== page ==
Wagon Land Adventure : Collections
Object ID:
CR 2011-049
Object Name:
Deere & Webber Box Buggy
This is a runabout buggy. It has red wheels and a black box and dash. It is in original condition. It has both the John Deere buggy tag and the Velie buggy tag.
In 1892, John Deere's grandson, Stephen Velie, Jr., moved to Kansas City to be assistant manager of the John Deere Plow Company. A few years later, he founded the Velie Saddlery Company. Many of Velie's saddles, collars and harnesses for horses were marketed and sold through Deere's Kansas City branch.
The Velie Company was started by Willard Lamb Velie in 1902. Willard's mother was Emma Deere, daughter of John Deere (of plow and tractor fame). Willard started his career by working as secretary to the Deere and Company Board of Directors. He went on to found his own company called the Velie Carriage Company that made horse drawn buggies.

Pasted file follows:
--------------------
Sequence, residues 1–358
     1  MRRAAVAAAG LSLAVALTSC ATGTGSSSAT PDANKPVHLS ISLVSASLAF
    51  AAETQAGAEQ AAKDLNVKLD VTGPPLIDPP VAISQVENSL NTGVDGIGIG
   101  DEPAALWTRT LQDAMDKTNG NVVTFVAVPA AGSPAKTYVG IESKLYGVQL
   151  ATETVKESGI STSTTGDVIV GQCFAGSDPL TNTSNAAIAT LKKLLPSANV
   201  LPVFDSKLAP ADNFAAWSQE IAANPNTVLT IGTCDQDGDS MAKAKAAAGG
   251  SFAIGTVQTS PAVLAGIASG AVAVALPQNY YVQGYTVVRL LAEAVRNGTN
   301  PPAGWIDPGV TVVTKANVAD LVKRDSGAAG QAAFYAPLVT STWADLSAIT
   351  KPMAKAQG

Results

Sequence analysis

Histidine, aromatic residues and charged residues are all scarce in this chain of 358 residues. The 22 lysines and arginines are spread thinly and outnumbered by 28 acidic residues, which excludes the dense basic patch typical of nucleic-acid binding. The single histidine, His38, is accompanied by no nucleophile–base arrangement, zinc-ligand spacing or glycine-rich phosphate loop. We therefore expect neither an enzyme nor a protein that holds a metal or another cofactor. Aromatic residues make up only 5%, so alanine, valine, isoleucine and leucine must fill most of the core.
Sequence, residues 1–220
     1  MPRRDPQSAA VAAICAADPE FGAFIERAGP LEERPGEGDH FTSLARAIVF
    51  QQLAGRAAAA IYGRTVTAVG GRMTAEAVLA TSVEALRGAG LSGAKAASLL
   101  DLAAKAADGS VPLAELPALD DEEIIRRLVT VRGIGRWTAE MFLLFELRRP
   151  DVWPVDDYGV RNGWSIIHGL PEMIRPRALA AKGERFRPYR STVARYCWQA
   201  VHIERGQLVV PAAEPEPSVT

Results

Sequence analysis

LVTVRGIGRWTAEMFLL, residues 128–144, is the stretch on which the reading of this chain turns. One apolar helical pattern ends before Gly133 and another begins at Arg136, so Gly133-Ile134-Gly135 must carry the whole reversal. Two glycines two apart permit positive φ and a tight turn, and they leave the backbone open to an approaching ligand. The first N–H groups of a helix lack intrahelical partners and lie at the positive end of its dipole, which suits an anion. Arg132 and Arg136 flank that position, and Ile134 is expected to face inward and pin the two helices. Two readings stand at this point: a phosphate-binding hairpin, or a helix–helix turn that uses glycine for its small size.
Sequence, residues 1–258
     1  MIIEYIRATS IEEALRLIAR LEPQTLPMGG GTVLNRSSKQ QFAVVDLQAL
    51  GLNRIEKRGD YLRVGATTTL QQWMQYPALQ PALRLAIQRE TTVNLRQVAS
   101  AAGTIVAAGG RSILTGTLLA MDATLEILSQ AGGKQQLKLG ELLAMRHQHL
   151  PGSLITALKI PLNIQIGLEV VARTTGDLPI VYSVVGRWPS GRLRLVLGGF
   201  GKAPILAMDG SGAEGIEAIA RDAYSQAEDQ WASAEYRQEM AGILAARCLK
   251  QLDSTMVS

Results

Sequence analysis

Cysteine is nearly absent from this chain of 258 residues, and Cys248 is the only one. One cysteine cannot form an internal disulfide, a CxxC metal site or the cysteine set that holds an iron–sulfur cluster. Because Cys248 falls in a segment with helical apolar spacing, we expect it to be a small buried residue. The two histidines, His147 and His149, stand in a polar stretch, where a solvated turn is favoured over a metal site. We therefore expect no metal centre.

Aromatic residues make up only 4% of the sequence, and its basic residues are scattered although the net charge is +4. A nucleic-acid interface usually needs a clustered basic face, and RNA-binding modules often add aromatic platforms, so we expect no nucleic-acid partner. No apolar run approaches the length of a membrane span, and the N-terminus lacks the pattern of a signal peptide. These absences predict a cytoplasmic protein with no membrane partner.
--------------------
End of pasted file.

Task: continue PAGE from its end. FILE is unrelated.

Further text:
John Deere began as a blacksmith in Vermont. He moved to Grand Detour, IL, in 1836 where the demand for a blacksmith was so great that within 2 days he had built a forge and began helping customers. Learning from the pioneer farmers of the Midwest that plowing was really difficult with cast iron plows, Deere began working on a way to improve these plows. The answer came in 1837, when he developed the steel plow and tested it on a farm near Grand Detour. He moved to Moline in 1848 and opened a factory, taking advantage of the water power supplied by D.B. Sears' Dam and the river transportation supplied by the Mississippi River. Within 10 years, he was producing a 1,000 plows a year changing the face of Midwestern agriculture forever.
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